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Time is right for Australian offshore wind, says developer

IN DEPTH | After years of under-the-radar planning, a Victoria developer claims market conditions are right to advance Australia's first offshore wind farm, writes Andrew Lee

Tumbling costs and a growing national focus on energy security have helped to put offshore wind firmly on Australia’s power agenda, claimed the developer of what would be the country’s first project.

Andy Evans, managing director of Melbourne-based Offshore Energy, told Recharge his company is in “detailed discussions” with major international offshore wind developers and infrastructure investors, as it seeks partners to advance its 2GW-plus ambitions off the state of Victoria.

Offshore Energy broke cover earlier this month with plans for the A$8bn ($6bn) Star of the South project after years of under-the radar work on the proposed development, which it wants to start constructing in 2022.

Evans said he and his colleagues became accustomed to being treated as “dreamers” in the early years of investigating the project – but insists Star of the South is far from a fantasy.

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Although the site itself has yet to be measured, two permanent met-masts not far from the area indicate robust wind resources and a preliminary study by engineering specialist Parsons Brinckerhoff revealed no fundamental barriers to development.

“We’re confident we’ve put together a good proposal,” said Evans.

The company hopes to secure an exploration licence from the Australian government later this year, giving the green light for a formal feasibility study of a 574 square km area in Commonwealth waters.

Evans – a former executive with Spanish energy group Acciona with experience of the onshore wind sector – said he and his colleagues have played a waiting game while offshore wind’s global progress converges with the requirements of the Australian power sector.

“We spent the first three years of our existence waiting for policy certainty, waiting for technology and policy to advance in Europe,” Evans said, citing recent auctions in Germany that foresee no need for subsidies by the middle of the next decade.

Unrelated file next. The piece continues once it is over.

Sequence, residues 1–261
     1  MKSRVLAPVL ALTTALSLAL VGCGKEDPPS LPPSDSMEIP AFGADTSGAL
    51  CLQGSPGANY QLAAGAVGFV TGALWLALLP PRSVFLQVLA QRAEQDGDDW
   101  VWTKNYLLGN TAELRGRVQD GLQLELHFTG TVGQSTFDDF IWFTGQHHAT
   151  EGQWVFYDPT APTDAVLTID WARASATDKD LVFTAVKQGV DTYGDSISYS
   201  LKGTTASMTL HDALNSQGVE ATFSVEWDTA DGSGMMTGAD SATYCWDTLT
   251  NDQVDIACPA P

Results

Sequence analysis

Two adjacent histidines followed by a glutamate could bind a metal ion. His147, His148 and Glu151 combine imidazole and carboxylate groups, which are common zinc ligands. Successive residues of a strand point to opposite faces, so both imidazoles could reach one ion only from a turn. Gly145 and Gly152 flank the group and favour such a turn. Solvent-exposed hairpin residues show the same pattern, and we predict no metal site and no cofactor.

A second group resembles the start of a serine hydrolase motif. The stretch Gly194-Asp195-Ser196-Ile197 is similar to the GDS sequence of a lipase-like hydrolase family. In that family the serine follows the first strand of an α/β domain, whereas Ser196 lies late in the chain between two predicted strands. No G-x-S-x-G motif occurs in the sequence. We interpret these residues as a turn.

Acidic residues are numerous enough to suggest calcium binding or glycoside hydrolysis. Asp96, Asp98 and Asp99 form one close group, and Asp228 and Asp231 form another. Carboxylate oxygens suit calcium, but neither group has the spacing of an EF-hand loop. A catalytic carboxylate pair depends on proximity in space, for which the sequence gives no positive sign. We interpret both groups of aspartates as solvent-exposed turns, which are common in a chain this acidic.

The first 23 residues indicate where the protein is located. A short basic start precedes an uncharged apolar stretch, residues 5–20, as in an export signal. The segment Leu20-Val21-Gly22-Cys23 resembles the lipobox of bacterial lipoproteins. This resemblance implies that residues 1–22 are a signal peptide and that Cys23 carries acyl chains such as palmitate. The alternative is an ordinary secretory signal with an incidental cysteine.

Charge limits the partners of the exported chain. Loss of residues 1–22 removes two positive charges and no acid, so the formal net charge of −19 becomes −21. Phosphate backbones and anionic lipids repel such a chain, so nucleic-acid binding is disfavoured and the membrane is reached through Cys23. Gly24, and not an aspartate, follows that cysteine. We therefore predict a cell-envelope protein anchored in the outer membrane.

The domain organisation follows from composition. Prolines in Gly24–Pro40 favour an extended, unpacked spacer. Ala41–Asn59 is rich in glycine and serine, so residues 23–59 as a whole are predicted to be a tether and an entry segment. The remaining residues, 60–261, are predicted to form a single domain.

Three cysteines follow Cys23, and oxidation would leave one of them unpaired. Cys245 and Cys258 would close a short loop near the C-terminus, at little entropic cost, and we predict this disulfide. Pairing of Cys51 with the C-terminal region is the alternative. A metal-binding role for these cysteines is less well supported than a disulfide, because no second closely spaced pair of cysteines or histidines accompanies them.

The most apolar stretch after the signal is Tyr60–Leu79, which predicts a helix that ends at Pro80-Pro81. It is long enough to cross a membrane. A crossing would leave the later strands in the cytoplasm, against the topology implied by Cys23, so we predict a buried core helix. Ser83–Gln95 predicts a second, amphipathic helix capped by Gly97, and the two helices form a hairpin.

“The project's being set up on the basis of construction in 2022 and beyond, by which stage we’re very hopeful that technology and pricing will be in the situation where it can compete on a standalone basis,” said Evans.

That timescale could allow Star of the South to contribute to a revised federal renewable energy target (RET), and compete in auctions run by the state of Victoria as it pursues its own ambitious 40% renewable power target by 2025.

Evans said of the Victoria procurement programme: “Certainly if it gets up and running and we’re eligible, and we believe we will be, it would help bring the project on a lot quicker.”

But Evans claimed regardless of the targets, Star of the South can tap into a burgeoning need for clean power as Victoria – home to Melbourne, Australia’s second-largest city – wrestles with the need to replace gigawatts of retiring coal generation.

He said rising Australian power prices – currently above A$110/MWh on the spot market – are “creating a recognition that things need to change” in the country’s energy mix.

“Australian electricity prices are going up and offshore wind prices are going down,” said Evans.

He also believes offshore wind development can avoid the social acceptability concerns that have plagued onshore wind in Australia, home to one of the world’s most vocal anti-wind lobbies.

"Australian electricity prices are going up and offshore wind prices are going down"

The potential project site – between 10km and 25km offshore and in depths of 20-40 metres (see carousel map above) – benefits from its proximity to a major hub for Australia’s oil and gas sector, with the infrastructure and expertise that can bring to offshore wind.

Evans admitted the project would rely on infrastructure gearing up to support the development, but said: “We’ve modelled to set the project up at such a size that there is an incentive to make an investment.”

The developer is planning the fixed-foundation wind farm on the basis of 250 of the 8MW turbines already in the market. “But if you go on recent German auctions and forecasts by developers you’re looking at 12MW-plus turbines” by the time Star of the South is scheduled to put steel in the water. The transmission link to shore is expected to be bundled as part of the project.

The project, which could supply some 8,000GWh of power annually – almost one-fifth of Victoria’s needs – and create 12,000 jobs, has already received a warm welcome from the state’s government.

“A new renewable power generator of this size would drive down electricity prices, and we’ll support Offshore Energy wherever we can to progress this study,” said Lily D’Ambrosio, Victoria state’s minister for energy, environment and climate change.

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